Struggling with Associate Engagement? Follow These 3 Tips

Two associates in a grocery store, engaged with their work and stocking shelves.
Photo credit: dusanpetkovic1 -

According to a 2022 analysis, the turnover rate for hourly in-store retail positions is 75.8%. In addition, 63% of frontline retail managers are thinking about leaving their roles soon — and some even said they want to leave the industry entirely.

The onus is now on HQ — executive leaders specifically — to ensure they’re investing in their store communities. After all, these are the people cultivating shopper relationships and driving the majority of retail sales. Not to mention that more Gen Zers are joining and progressing in the workforce — and these individuals have increasingly high expectations of their employers.

In a recent special report, industry experts shared their insights on how retailers can invest in the programs and benefits that will reduce employee turnover and chart associates on a path to progress within the organization. The top three takeaways are:

Address the core “hierarchy of needs”

Inflationary pressures and the rising cost of living mean associates are looking for roles that offer competitive pay. But it’s not just about hourly wages; it’s about creating a robust package that includes a variety of benefits, including health insurance packages, access to higher education and even the ability to participate in environmental and social causes. For example, Verizon has built its benefits package to ensure it addresses the financial, social, emotional and physical wellbeing of employees.

“We put great effort into ensuring that our benefits package resonates with employees’ needs,” said Kelley Kurtzman, SVP of Consumer Field Sales at Verizon. “Aside from a competitive salary, we offer health insurance beginning their first day, tuition assistance, stock program, paid time off and more. Our benefits package reflects a focus on wholeness as an individual, not simply as an employee.”

Offer leadership and soft skills training

Store associates are busier than ever. They handle in-store customer service issues, stock shelves and even pick and pack online orders. While they need to always be up to date on how to do these tasks efficiently and effectively, retailers can’t lose sight of the bigger picture — and that means investing in training that expands employees’ skills and sets them on a path to progression.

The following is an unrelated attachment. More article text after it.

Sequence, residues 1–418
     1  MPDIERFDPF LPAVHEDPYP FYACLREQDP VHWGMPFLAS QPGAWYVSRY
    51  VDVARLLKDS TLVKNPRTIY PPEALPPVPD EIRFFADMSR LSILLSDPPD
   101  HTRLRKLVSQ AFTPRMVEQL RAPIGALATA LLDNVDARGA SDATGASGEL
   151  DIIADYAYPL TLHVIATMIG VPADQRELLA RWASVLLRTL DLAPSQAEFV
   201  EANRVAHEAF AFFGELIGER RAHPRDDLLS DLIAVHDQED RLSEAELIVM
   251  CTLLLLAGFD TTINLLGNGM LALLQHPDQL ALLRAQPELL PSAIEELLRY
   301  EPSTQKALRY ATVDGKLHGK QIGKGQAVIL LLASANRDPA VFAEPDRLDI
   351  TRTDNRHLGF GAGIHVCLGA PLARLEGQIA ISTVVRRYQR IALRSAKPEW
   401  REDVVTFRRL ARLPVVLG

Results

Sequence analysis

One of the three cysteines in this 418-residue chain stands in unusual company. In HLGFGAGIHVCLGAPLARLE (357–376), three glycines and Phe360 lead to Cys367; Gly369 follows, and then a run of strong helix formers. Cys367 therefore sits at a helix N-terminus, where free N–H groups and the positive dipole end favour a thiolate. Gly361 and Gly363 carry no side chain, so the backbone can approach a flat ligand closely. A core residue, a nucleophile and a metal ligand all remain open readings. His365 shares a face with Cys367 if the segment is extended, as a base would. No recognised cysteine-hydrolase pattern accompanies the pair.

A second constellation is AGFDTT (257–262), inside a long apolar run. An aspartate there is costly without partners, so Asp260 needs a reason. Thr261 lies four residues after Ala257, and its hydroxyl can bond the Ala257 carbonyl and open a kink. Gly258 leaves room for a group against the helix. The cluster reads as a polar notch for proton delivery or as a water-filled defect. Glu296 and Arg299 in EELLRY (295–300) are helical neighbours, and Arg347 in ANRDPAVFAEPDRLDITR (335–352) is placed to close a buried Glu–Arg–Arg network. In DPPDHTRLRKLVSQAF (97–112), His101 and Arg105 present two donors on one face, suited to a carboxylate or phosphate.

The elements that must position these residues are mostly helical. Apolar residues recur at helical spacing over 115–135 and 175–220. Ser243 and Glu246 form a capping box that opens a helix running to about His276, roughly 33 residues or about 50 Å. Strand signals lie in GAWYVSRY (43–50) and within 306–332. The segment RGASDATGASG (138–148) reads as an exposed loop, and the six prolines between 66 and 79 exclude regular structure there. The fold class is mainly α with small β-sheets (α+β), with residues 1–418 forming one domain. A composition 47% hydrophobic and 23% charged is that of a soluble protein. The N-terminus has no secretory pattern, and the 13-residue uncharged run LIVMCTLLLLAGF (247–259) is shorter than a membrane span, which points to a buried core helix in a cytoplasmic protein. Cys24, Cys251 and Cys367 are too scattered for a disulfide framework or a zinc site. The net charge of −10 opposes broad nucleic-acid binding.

“We go through this struggle, this tension, where you have to equip your employees to be successful at their current role and under the current conditions, and at times those trainings might be tedious or mundane,” said Alfred Ishak, Senior Director of Research and Integration/People Development at Human8. “You also need to offer leadership and soft skill training — professional development opportunities to allow there to be visible career progression available to all employees, no matter what their level or what their specialty is. Finding that balance, I think, is tough. It comes down to [the question]: are you willing to invest in the future of your employees, knowing that that future might not be with you? To me, the answer should plainly be yes.”


Invest in technology that forges brand (and product) connection

In the hustle and bustle of their days, associates may feel like worker bees or pawns in a big game, not a valuable part of a brand community. Sure, certain technologies (like mobile devices) can ramp up productivity, but as importantly, they also can help associates feel more embedded into the business and that they’re actually contributing to a greater cause. The power of these solutions are amplified when they help associates automate and streamline mundane tasks so they can focus on connecting with in-store shoppers.

“Consider the power of productivity tools that help drive associates’ daily tasks and workflows,” wrote Duane Peck, Head of Industry Marketing for Retail & Consumer Goods at Slack in a supporting byline. “As one example, an associate could quickly pull up a tutorial on a new product or refresh their memory on customer service protocols, all without leaving a simple interface on their smartphone. Integration with other technology can also help automate routine tasks and free associates to focus on delivering an exceptional customer experience. Beyond the time efficiencies, automation also helps to reduce human error. Imagine a mobile platform that is seamlessly integrated with your other management and commerce systems to automatically schedule staff shifts or notify the appropriate employees about upcoming inventory shortages.”

Download the special report to learn more about how you can harness the power of culture and technology to unleash workers’ full potential.


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